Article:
Ron Atkinson, the man who (according to one tabloid) was prepared to break the bank for Speed, is neither, although he's by no means frugal, either. As Malcolm Allison once observed: "They call him Big Ron because he's a big spender in the transfer market, but I just call him Fat Ron."
Speed is apparently now in talks with Newcastle United and you can bet your bottom dollar Kenny Dalglish won't pay over the odds for him. But I've often wondered who - and indeed what - decides a player's value? Do the selling club settle on an arbitrary fee and chance their arm? Do they invite offers and just go with the highest bid? Or do they take into account a player's age, record and potential, and then make a rational decision?
The answer is probably a combination of all three, because transfer fees are hugely inconsistent. Quite how Lee Bradbury (pounds 3m on the basis of 15 goals for Portsmouth and five for Exeter) can be worth almost as much as Teddy Sheringham is beyond me, even if he is several years younger. I know which Manchester club I reckon got the best deal.
Of course, exorbitant transfer fees have been part and parcel of the game since money first starting pouring into its highest echelons. Johan Cruyff prophesied what was to come when, on signing for Barcelona from Ajax for pounds 922,300 in 1974, he said: "I am no longer a footballer, I am an industry." And from the moment Blackburn Rovers paid (a then outlandish) pounds 3.6m for Alan Shearer in 1992, transfer fees have continued to spiral upwards (a recent survey found that 90 per cent of players and 80 per cent of managers thought they had reached insane levels).
So there's certainly no such thing as a bargain these days, especially a British one. Except that, according to Bill Gerrard, Newcastle might just have got themselves a steal in Shearer.
Gerrard, an economist at Leeds University, might not (yet) be a household name, but he has devised a widely coveted computer programme that determines a player's worth. And this programme claims that Shearer, at pounds 15m, was a snip.
The programme takes into account a player's record (domestic and international), who the buying and selling clubs are, and the timing of the transfer (at key times - before the March deadline and as the promotion and relegation battles hot up, players cost more). It comes up with pounds 3.4m for Michael Owen (plus more for his potential), pounds 3m for Ian Wright and a cool pounds 9.7m for Andy Cole.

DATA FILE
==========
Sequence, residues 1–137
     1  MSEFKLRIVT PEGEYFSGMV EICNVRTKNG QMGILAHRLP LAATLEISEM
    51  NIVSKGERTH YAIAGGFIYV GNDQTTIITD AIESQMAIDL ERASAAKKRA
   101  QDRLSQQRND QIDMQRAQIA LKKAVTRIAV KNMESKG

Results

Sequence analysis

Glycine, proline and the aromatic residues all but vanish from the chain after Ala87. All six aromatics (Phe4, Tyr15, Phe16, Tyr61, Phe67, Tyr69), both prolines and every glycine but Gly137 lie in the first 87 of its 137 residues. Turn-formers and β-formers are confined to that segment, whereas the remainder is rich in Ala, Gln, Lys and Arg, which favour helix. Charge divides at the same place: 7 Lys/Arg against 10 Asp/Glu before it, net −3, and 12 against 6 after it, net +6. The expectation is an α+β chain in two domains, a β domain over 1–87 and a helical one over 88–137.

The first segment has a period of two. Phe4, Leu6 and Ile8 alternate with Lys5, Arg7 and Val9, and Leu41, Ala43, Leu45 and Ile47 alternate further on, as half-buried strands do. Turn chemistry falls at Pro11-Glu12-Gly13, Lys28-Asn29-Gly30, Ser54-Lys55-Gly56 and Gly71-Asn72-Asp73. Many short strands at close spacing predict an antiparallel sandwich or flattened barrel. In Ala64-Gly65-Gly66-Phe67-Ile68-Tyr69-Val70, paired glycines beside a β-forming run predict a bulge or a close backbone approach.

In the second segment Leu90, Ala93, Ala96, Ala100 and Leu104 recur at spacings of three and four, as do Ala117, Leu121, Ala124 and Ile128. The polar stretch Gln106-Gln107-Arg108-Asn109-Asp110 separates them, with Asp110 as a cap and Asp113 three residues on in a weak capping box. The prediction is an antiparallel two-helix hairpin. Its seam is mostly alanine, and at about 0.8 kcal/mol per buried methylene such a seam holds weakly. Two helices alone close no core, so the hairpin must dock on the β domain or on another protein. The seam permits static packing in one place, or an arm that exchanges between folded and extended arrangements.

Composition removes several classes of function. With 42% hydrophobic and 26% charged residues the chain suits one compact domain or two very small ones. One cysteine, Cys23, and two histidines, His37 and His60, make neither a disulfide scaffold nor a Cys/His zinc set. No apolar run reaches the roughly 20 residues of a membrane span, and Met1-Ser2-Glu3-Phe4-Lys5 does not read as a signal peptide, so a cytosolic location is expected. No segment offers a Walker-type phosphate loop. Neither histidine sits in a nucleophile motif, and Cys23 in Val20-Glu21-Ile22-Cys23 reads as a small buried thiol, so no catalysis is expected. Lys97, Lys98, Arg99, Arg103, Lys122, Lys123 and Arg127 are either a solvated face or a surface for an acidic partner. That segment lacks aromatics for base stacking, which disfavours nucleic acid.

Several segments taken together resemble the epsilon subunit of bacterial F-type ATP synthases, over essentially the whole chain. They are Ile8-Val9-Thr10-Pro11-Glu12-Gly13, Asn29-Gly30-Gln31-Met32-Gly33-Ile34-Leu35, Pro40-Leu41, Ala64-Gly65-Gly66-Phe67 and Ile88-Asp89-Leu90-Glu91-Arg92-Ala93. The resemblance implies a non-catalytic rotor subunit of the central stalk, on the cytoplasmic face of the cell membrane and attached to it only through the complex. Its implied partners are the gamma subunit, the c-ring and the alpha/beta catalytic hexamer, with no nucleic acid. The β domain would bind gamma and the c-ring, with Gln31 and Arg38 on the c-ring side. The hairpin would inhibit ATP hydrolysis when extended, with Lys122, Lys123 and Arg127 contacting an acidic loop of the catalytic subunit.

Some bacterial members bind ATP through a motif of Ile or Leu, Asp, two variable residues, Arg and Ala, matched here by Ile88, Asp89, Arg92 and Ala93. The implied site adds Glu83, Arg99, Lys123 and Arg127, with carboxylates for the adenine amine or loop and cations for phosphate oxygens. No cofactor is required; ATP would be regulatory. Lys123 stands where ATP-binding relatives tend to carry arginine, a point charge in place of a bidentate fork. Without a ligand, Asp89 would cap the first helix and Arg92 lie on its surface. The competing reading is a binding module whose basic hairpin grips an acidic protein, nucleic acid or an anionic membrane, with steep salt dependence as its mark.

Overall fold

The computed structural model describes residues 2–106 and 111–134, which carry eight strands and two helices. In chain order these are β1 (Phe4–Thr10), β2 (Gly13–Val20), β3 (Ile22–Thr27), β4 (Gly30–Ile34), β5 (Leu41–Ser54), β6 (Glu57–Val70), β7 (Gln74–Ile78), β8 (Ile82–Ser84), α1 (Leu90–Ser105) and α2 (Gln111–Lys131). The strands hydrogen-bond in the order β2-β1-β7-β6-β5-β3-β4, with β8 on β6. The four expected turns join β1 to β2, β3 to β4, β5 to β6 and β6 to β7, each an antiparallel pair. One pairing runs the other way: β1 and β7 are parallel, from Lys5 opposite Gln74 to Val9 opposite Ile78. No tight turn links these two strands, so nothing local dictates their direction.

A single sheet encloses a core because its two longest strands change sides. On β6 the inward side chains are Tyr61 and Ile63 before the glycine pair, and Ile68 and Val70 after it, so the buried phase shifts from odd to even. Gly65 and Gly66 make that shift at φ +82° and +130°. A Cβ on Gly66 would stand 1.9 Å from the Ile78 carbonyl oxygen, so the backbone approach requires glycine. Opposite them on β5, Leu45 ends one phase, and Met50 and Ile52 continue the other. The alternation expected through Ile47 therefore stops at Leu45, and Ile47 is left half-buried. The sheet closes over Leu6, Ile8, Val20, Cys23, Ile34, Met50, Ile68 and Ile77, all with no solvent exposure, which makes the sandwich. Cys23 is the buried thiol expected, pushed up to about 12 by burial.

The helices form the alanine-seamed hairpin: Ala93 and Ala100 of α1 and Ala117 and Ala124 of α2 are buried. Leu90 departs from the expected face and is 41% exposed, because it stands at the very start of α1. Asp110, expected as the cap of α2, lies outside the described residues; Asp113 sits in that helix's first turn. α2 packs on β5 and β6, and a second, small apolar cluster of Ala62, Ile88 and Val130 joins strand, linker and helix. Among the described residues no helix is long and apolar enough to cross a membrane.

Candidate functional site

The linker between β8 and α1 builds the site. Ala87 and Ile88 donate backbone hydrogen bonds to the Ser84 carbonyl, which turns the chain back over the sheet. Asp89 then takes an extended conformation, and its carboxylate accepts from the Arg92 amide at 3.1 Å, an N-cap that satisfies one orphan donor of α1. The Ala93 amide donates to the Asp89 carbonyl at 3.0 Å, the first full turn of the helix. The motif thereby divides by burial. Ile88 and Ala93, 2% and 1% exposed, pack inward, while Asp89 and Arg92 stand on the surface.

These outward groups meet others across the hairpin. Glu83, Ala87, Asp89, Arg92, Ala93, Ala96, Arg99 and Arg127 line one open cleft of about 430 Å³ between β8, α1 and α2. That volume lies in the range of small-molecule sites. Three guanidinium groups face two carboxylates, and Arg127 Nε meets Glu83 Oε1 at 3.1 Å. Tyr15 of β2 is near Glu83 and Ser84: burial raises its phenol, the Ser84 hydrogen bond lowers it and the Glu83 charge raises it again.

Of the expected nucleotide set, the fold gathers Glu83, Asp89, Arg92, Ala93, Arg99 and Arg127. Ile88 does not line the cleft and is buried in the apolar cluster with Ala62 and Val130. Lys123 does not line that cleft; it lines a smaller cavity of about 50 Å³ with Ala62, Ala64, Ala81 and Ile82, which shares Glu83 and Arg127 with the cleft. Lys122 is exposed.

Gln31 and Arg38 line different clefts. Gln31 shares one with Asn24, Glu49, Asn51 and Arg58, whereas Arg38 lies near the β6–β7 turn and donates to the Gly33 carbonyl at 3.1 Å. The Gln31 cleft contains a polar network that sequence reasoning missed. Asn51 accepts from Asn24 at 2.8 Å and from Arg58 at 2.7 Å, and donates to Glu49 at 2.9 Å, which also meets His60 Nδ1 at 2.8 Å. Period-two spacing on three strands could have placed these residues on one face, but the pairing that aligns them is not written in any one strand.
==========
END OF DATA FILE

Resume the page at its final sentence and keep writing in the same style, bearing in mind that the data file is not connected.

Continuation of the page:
Shearer's price, he says, was well within the predicted range, but Villa's pounds 7m outlay for Stan Collymore was not. "Liverpool initially paid pounds 4.5m for what Collymore had achieved, plus pounds 4m for what they expected him to achieve," Gerrard explains. "So Villa actually paid pounds 3m for what he'd achieved at Liverpool, which wasn't much. pounds 5.5m would have been a more appropriate fee."
Nick Barmby was another deemed to have been vastly overpriced, both by Spurs (pounds 5.25m) and Middlesbrough (pounds 5.75m). "Barmby was valued as a goalscorer, but he simply doesn't have a goalscorer's record," says Gerrard, "so both selling clubs did good business."
But transfer fees are all about supply and demand: if there's a club out there willing to pay the asking price then the player concerned could be regarded as worth his fee, excessive or otherwise. But Gerrard (a Church of Scotland Aberdonian who, bizarrely, supports Celtic) claims that football clubs, particularly listed ones, will be held far more accountable in the future by shareholders questioning efficient use of funds. He believes his programme might help instil some parity - not to mention sanity - in these post-Bosman times. It's unlikely, however, that it will replace the tribunal system.
The Football League is quite happy with the current system which relies on the "expertise and intuition" of representatives from the Professional Footballers' Association, the Football League (and Premier League, if appropriate) and the IFMA (Institute of Football Management and Administration) in determining a player's value. Their decision is final and binding.
However, there are some transfer fees that neither the computer nor the tribunal system could be expected to set - namely Tony Cascarino's to Gillingham (for a set of tracksuits); Uruguayan Daniel Allende's to Renistas (for 550 beef steaks); and Hughie McLenahan's to Stockport (for three freezers of ice-creams).
Such deals are rare nowadays. Managers are more likely to pay over the odds - Howard Wilkinson (pounds 4.5m for Tomas Brolin) and Harry Redknapp (pounds 2m for Paulo Futre, pounds 2.5m for Florin Radiciou) spring to mind, although not all are man enough to admit it,
Unlike Bertie Auld. "Hey, son, the punters are all shouting that you're useless, daft and stupid," he once berated one of his Partick Thistle players. "But don't worry, you're not daft, useless or stupid. I am. I paid forty grand for you."Reuse content